Java Overloading


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One of the most useful features of functions in Java is the ability to overload a function name with multiple declarations. As long as each declaration uses a different list of parameters, the program can easily determine which version of the function to use.

This code gives a great example of how this could work in Java. We’ve created two functions named max(), one that accepts two integers as parameters, and the other that accepts three integers.

So, when we run this program by starting in the main() function, we immediately see a function call for a function named max(). In this case, the program will find all of the function declarations that have the name max first. Since there are more than one of them, it will then check the number and types of arguments provided against the parameters in each function declaration, looking for a match. Since we’ve provided two arguments, the version of max() that accepts two parameters is chosen. So, inside of that max() function, the variables x and y will be set to the values 2 and 3, respectively.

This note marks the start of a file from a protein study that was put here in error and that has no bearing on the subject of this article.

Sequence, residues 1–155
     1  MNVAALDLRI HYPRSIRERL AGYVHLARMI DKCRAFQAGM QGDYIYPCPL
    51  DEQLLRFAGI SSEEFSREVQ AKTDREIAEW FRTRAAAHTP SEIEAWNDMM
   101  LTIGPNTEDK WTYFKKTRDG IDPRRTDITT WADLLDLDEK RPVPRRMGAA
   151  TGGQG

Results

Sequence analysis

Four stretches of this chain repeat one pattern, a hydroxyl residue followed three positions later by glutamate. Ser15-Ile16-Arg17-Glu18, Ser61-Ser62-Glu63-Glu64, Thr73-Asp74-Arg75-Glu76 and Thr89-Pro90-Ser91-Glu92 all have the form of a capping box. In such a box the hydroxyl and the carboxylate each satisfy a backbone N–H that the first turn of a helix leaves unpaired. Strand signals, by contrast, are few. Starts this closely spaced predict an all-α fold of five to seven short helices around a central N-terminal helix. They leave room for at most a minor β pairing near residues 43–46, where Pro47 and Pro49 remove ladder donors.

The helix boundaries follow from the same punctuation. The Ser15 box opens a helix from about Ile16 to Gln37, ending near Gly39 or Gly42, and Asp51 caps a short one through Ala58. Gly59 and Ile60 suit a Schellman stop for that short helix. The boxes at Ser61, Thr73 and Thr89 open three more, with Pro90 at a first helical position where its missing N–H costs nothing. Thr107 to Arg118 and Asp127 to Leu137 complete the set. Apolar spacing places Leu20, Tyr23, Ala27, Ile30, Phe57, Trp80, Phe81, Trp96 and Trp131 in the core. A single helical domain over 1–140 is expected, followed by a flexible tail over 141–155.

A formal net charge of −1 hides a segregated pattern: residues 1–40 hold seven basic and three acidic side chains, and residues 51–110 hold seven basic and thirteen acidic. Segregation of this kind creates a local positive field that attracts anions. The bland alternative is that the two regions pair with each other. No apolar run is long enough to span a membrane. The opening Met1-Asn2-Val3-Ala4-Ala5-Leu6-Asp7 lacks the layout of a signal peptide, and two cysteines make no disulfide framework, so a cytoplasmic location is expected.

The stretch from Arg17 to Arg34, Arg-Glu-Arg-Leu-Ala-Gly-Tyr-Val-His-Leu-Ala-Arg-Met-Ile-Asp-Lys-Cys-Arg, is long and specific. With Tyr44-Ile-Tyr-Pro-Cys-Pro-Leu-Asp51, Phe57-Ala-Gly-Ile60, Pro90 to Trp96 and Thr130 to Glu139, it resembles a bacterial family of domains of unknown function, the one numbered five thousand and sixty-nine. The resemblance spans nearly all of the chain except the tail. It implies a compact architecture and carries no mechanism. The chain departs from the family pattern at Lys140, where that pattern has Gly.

On the next line of the main() function, we see a call to the function named max() with three arguments provided. The program will go through the same process as before, but this time it will choose the version of max() that accepts three parameters, and will set the values of those parameters using the arguments as provided.

Java also allows us to define a function that accepts a variable number of parameters. However, we must carefully remember that each function can only have one of these variable length parameters, and it must be the last parameter defined. In addition, all arguments provided to a variable length parameter must be the same type, since they will all be stored together in the same array. Finally, it cannot conflict with any other function declaration, so if we defined a function named max that accepted just one integer, that definition would conflict with this one since both functions could accept the same arguments.

When we call this function, we can provide any number of integer arguments. Those arguments are stored in an array called values inside of max(), and the size of the array is set to exactly match the number of arguments provided. So, in the function’s code, we can use a proper enhanced for loop to iterate through each variable in the array.

Therefore, no matter how many arguments we provide, this max() function will be able to handle it and calculate the correct answer. It is a very powerful method to build functions that can accept a wide range of data as input.